contents of a patient's mental health and medical records
are privileged by statute. See D.C. Code §
14-307(a); Md. Code, Health-Gen. §§ 4-302- 4-307;
Md. Code, Cts. & Jud. Pro. § 9-109. However, under
District of Columbia law a “patient may waive or be
deemed to have waived the physician-patient privilege . . .
by filing a lawsuit which places in issue the patient's
medical condition.” Porter v. Pinkerton Gov't
Servs., Inc., 304 F.R.D. 24, 29 (D.D.C. 2014) (citing
Nelson v. United States, 649 A.2d 301, 308 (D.C.
1994)). A patient may therefore waive the physician-privilege
by relying on the provider's “diagnoses or
treatment in making or defending [his] case.”
Id. The threshold for waiver of the
physician-patient privilege afforded by Maryland law is
substantially similar, if not slightly lower. See Meyer
v. McDonnell, 392 A.2d 1129, 1135 (Md. Ct. Spec. App.
1978) (finding privilege waived where “[a]ppellant
claimed damages for his mental or emotional disorders in his
declaration, in testimony, and in his request for
instructions”); Butler-Tulio v. Scroggins, 774
A.2d 1209, 1219 (Md. Ct. Spec. App. 2001) (finding that
“[a]n express exception to the confidentiality
[requirement] . . . is when a patient puts his or her medical
condition at issue in a civil action”).
District of Columbia law, however, a patient has not waived
privilege by making allegations of mere “garden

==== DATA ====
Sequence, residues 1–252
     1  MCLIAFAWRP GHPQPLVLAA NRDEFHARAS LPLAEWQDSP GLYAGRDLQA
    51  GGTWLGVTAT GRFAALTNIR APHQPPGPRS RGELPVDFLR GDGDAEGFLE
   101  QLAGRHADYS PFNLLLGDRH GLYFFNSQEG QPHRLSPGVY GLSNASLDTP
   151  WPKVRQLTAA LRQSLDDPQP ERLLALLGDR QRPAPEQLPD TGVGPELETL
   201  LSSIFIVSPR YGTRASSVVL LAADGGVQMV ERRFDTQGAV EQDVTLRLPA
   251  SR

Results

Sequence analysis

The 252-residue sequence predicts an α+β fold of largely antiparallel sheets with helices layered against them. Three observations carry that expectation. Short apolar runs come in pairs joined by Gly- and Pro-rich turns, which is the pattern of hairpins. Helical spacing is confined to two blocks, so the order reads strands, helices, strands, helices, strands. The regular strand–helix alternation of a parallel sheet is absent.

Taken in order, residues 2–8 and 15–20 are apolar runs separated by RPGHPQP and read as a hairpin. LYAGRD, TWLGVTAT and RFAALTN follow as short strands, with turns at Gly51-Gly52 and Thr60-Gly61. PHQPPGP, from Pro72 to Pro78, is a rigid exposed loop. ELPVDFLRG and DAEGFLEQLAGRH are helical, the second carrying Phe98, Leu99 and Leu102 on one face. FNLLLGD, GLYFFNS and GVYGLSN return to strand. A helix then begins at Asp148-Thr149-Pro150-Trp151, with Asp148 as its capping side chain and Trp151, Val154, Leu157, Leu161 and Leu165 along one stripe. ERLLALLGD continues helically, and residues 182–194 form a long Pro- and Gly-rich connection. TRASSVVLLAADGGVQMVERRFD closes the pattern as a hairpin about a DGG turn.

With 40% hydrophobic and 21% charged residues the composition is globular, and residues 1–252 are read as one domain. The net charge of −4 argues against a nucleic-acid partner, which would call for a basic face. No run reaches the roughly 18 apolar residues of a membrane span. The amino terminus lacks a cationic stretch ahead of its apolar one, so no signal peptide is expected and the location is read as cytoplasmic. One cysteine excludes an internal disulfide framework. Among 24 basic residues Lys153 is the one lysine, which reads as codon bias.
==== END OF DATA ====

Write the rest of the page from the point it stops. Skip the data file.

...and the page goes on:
variety” emotional distress, “of the kind an
ordinary person might experience following an episode of
discrimination.” Porter, 304 F.R.D. at 30
(citing St. John v. Napolitano, 274 F.R.D. 12, 19
(D.D.C. 2011)). Federal courts have considered the following
factors in assessing whether a plaintiff has made allegations
beyond mere “garden variety” emotional distress:
“(1) the presence of a cause of action for intentional
or negligent infliction of emotional distress; (2) an
allegation of a specific mental or psychiatric injury or
disorder; (3) a claim of unusually severe emotional distress;
(4) a proffer of expert testimony to support a claim of
emotional distress; and/or (5) a concession by the plaintiff
that his or her mental condition is ‘in
Motion to Quash
move to quash the Subpoenas under Rule 45(d)(3)(A)(iii) and
45(a)(4). Pls.' Mot. to Quash at 1. Under Rule
45(d)(3)(A)(iii), upon timely motion, a district court may
quash a subpoena which calls for disclosure of privileged
matter, provided no waiver applies. Under Rule 45(a)(4),
“[i]f [a] subpoena commands the production of
documents, electronically stored information, or other
tangible things . . . then before it is served on the person
to whom it is directed, a notice and copy of the subpoena
must be served on each party.” Fed.R.Civ.P. 45(a)(4). A
court may quash a subpoena for ...